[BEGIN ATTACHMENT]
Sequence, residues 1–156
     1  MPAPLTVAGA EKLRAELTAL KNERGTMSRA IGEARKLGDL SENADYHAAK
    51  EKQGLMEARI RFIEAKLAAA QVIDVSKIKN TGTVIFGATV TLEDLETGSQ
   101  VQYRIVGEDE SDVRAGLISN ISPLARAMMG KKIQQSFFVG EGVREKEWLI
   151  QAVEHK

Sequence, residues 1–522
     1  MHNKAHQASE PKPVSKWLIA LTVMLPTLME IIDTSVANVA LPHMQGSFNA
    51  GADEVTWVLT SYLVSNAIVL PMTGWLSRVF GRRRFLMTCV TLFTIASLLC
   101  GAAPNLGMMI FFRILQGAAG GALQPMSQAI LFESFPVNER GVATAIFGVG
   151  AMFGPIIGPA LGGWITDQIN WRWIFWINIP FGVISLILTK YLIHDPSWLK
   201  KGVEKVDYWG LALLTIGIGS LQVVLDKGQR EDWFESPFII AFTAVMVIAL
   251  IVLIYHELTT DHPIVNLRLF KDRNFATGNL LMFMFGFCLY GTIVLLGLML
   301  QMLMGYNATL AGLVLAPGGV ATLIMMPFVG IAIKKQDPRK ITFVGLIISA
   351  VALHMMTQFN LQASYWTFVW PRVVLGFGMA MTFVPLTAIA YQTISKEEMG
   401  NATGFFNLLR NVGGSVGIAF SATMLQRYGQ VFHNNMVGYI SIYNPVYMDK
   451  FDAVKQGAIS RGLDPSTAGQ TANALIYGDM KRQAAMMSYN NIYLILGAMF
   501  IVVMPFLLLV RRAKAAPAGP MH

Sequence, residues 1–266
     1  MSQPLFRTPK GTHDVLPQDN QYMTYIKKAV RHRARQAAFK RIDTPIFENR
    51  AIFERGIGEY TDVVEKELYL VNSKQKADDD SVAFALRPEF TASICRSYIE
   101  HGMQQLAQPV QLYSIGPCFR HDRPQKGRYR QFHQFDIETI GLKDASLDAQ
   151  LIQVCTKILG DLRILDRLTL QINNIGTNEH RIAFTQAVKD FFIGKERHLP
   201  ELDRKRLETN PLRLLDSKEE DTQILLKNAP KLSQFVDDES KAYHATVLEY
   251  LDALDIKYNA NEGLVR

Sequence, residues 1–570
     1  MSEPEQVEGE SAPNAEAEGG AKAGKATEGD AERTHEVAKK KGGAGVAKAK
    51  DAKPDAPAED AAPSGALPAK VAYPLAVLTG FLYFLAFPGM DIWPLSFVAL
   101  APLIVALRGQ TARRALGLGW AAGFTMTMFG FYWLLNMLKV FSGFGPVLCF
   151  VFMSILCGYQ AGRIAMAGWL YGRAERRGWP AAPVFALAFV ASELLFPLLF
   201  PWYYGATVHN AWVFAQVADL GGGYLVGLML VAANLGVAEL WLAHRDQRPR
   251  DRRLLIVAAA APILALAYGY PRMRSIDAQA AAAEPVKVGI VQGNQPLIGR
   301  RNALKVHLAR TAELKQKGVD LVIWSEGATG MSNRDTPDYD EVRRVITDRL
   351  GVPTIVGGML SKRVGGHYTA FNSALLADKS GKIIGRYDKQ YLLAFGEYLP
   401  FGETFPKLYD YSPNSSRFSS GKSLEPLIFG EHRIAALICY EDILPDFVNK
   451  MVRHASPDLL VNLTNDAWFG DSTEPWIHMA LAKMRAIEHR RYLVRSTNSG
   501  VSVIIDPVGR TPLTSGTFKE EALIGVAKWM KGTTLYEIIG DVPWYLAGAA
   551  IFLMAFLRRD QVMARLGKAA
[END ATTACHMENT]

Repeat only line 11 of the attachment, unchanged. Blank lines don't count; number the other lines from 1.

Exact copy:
   201  KGVEKVDYWG LALLTIGIGS LQVVLDKGQR EDWFESPFII AFTAVMVIAL